A picture of urban living

To coincide with World Cities Day on 31 October, our urban photo gallery shows how we are working with partners to document and highlight the often neglected circumstances in low-income urban communities, and to advocate for change.

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30 October 2015

Sian Lewis is staff writer at IIED.

A living room on the street, in Karachi, Pakistan (Photo: Fareena Chanda)

Picture the word 'urban' and what do you see? A skyscraper, a shack; a fancy restaurant, a food cart; a chauffeured limousine, an overloaded bicycle. All are valid – for urban settlements across the globe are very diverse and full of contrast.

It is true that towns and cities are home to some of the world's richest and most powerful people. But they are also home to some of the world's poorest and most powerless.  

Around one in seven of the world's population – one billion people – live in informal settlements in urban areas. These low-income communities survive at the sharp end of poverty, living and working with little or no running water, sanitation, drainage, electricity and healthcare.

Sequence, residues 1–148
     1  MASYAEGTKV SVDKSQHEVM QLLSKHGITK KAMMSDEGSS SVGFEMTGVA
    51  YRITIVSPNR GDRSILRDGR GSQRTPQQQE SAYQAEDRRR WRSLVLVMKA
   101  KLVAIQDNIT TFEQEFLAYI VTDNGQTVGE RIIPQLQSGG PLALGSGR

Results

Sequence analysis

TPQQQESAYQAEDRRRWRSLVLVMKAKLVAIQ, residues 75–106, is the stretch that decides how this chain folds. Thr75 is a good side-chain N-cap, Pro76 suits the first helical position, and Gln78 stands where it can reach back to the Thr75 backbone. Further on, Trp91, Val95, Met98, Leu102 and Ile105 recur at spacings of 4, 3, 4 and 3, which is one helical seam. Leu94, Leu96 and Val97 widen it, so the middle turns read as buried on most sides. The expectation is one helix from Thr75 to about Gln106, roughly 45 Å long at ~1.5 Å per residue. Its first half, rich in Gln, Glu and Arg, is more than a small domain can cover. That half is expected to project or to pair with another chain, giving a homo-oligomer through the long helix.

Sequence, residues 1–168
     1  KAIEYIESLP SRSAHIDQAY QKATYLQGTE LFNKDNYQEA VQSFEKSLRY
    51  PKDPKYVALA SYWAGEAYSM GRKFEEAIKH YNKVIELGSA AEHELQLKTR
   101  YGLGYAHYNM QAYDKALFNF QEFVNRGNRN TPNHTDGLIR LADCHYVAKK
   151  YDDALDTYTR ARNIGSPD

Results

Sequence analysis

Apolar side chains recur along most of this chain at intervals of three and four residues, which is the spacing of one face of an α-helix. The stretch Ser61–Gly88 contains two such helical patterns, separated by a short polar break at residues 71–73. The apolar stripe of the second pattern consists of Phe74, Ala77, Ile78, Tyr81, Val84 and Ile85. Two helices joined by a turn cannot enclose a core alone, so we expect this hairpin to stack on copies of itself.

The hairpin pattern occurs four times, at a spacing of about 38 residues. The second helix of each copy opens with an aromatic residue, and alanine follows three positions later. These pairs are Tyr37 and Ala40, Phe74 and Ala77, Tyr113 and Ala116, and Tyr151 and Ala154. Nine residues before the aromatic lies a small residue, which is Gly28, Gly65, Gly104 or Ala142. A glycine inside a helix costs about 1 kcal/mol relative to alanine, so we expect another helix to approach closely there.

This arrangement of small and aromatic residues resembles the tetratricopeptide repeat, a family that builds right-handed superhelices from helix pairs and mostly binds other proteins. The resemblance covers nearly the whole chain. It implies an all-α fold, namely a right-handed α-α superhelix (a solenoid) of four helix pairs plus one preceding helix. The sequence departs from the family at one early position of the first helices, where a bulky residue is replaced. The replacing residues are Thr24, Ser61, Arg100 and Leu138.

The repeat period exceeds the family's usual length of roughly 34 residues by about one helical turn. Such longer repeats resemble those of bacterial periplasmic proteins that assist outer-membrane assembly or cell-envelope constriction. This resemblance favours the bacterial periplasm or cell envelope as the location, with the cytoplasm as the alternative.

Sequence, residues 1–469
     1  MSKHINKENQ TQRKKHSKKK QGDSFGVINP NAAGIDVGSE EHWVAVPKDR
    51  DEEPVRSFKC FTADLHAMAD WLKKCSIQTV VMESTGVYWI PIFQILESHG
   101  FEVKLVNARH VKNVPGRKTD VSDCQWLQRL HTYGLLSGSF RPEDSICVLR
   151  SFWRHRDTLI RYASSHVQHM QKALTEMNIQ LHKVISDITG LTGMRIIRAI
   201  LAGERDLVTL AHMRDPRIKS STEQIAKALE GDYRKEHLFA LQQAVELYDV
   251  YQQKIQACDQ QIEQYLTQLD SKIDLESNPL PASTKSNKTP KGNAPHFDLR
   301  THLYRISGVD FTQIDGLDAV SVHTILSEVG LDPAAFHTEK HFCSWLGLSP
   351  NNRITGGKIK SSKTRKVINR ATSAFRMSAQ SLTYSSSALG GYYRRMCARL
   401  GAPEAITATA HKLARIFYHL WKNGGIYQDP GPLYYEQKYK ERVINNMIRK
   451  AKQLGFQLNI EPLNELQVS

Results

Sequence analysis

And they are particularly vulnerable to natural disasters and climate change, both of which can exacerbate the root causes of poverty and inequality.

For more than 40 years, IIED has been working in partnership with local communities, groups and organisations in towns and cities across the global South. Our experience tells us that these people are not simply victims of change but are often also agents of change, using their ingenuity, resourcefulness and collective knowledge to design and implement solutions to the challenges that they face. 

The photo gallery below offers a snapshot of our work with partners in this context, particularly our combined efforts to document the often neglected circumstances in low-income urban communities and to advocate for change.

When we picture the word 'urban', this is what we see... Click on the photos to expand the gallery.

Sian Lewis (sian.lewis@iied.org) is staff writer at IIED.

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